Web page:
When we are nearing or entering retirement, we want our nest egg to be as safe as possible. But doing so can lead us to putting all of our holdings in cash and bonds. While that's no doubt a prudent move for the money we'll have to use in the next five years, it can spell disaster down the road.

As we lead longer and longer lives -- a good problem to have, for sure -- we need our nest eggs to last longer. And that's a difficult problem. But there's no better way to tackle that problem than by leaving a portion of our nest egg invested in the stock market. 

Senior man looking at a piggy bank

Image source: Getty Images

But not all investments are made equal. Here, three Motley Fool investors tell you why putting your money into Vanguard High Dividend ETF (VYM -0.54%), Vanguard Dividend Appreciation ETF (VIG -0.23%), or Vanguard 500 Index Fund (VFINX -1.44%) could help keep you in the investing game -- while not making you lose sleep at night.

A stock fund that can hold up well during tough times

Matt Frankel (Vanguard High Dividend Yield ETF): With the market at record highs, if you're looking to play a little defense in your portfolio, it's certainly understandable.

Solid stocks that pay consistently high dividends tend to hold up better during corrections than their non-dividend counterparts do, and one great index fund full of rock-solid dividend stocks is the Vanguard High Dividend Yield ETF, which tracks a weighted index of about 400 stocks with above-average dividend yields and specifically excludes real estate investment trusts.

Top holdings of the fund include Microsoft, Johnson & Johnson, ExxonMobil, JPMorgan Chase, and Wells Fargo. And the fund's expenses are cheap, with a 0.08% expense ratio that's low even by index fund standards.

As of this writing, the fund's dividend yield is about 2.9%, significantly higher than the 1.9% you can expect from a S&P 500 index fund. That makes the fund an excellent choice for investors who depend on their investments for income, or who simply want to let their dividends compound over time.

To be clear, the Vanguard High Dividend Yield ETF isn't correction-proof. If the stock market drops significantly, chances are good that this ETF will do the same. However, this is a great way to stay invested in the stock market if you don't want to pick individual stocks and you want some downside protection from corrections and crashes.

Just Like Matt's Pick, but With a Twist

Brian Stoffel (Vanguard Dividend Appreciation ETF): Like Matt, I'm a big believer in putting your cash behind large and stable companies that offer dividends. Such payouts are evidence of a company's pricing power and financial fortitude.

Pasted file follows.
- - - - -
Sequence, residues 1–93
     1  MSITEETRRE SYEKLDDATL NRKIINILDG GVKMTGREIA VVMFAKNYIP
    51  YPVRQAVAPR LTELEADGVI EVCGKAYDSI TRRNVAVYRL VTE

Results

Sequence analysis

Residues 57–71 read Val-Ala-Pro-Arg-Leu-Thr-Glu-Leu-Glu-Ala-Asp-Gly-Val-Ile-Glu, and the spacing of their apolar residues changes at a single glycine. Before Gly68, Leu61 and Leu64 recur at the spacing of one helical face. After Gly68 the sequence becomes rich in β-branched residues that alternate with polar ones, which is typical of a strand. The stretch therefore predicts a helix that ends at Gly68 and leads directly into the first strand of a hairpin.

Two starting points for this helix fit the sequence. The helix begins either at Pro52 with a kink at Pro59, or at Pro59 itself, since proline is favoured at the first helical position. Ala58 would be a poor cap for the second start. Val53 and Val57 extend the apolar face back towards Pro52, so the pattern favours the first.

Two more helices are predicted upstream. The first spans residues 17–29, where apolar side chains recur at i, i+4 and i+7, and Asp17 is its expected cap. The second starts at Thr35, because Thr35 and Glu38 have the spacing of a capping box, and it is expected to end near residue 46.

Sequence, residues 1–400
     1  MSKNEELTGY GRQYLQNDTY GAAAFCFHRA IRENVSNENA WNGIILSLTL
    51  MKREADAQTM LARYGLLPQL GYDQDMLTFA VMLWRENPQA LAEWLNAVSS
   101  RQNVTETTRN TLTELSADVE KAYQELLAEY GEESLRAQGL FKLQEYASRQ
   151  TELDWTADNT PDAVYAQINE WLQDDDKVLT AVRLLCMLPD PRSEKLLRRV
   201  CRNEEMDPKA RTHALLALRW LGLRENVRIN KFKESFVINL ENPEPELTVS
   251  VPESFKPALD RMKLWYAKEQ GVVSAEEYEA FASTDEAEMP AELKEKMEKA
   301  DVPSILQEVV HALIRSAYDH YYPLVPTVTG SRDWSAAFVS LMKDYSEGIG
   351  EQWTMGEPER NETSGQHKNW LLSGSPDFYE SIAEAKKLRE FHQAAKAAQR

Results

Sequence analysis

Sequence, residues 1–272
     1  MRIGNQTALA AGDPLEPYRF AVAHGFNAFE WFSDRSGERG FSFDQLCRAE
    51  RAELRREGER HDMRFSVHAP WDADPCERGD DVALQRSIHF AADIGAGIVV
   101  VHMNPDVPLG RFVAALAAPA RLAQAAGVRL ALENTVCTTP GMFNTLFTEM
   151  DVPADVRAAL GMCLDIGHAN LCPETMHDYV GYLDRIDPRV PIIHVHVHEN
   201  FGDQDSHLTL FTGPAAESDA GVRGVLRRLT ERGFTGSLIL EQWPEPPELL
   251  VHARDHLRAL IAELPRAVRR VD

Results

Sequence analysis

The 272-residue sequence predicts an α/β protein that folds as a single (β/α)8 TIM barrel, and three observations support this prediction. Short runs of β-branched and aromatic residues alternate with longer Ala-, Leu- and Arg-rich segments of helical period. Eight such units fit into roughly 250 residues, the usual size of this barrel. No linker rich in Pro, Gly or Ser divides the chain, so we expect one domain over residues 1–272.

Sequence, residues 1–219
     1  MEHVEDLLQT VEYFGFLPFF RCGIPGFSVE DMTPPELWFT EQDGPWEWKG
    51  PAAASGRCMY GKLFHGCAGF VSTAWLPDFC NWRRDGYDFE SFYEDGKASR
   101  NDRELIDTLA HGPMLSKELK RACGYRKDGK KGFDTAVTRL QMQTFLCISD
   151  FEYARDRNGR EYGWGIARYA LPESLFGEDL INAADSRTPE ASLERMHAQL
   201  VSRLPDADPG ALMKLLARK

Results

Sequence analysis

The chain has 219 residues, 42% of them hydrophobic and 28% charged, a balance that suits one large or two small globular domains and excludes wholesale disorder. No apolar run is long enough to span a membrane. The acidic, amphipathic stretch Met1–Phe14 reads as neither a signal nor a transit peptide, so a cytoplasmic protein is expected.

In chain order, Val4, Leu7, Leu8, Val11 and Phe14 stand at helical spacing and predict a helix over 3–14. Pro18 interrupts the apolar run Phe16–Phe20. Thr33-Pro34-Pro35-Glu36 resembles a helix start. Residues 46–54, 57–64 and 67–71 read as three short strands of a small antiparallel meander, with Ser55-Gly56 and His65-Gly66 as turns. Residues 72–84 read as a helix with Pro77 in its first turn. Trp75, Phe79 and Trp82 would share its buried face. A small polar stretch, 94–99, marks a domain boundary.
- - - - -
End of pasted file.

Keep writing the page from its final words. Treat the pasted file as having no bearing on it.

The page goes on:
Another way to gain exposure to such stocks is by buying the Vanguard Dividend Appreciation ETF. This fund is currently invested in 180 companies that have a history of dividend increases. It's very similar to an investment in Dividend Aristocrat-esque stocks.

It's important to note that while the dividends included in this ETF might not be as high as they are in Matt's ETF, the history of dividend growth means that the underlying businesses are getting stronger, with the potential for payout increases in the future.

Currently yielding a more modest 1.9%, the fund's top five holdings include some of the same names mentioned -- Microsoft and Johnson & Johnson -- while including the likes of 3MPepsiCo, and Medtronic

Just as importantly, the expense ratio you'll pay every year is an uber-low 0.08% -- or less than one-tenth of what similar funds charge. Those types of investments, with that kind of expense ratio, should help you rest easy in your retirement knowing that you're still safely exposed to the stock market.

Small costs and big gains

Steve Symington (Vanguard 500 Index Fund): It can be difficult to consistently find the time and motivation to adequately research individual stocks. And even the best professional money managers have trouble consistently outpacing the S&P 500 Index's historical annual returns of roughly 10%. In fact, according to S&P Dow Jones last year, 99% of all actively managed U.S. equity funds underperformed their benchmarks since 2006.

To that end, many investors would be better off buying a low-cost index fund that's meant to mirror the S&P 500, like the Vanguard 500 Index Fund (VFINX -1.44%). The Vanguard 500 Index Fund gives its investors exposure to 500 of the largest companies in the United States, allowing you to sleep well knowing you're diversified. It also boasts an ultra-low expense ratio of 0.14% annually, far below the 1% average expense ratio of other funds with similar holdings. That means you'll have that much more money over the long run to let the power of compounding gains work its magic.

Of course, the Vanguard 500 Index Fund might not be the most exciting way to stay in the "investing game." But it's a small price to pay for peace of mind, time saved, and superior long-term gains.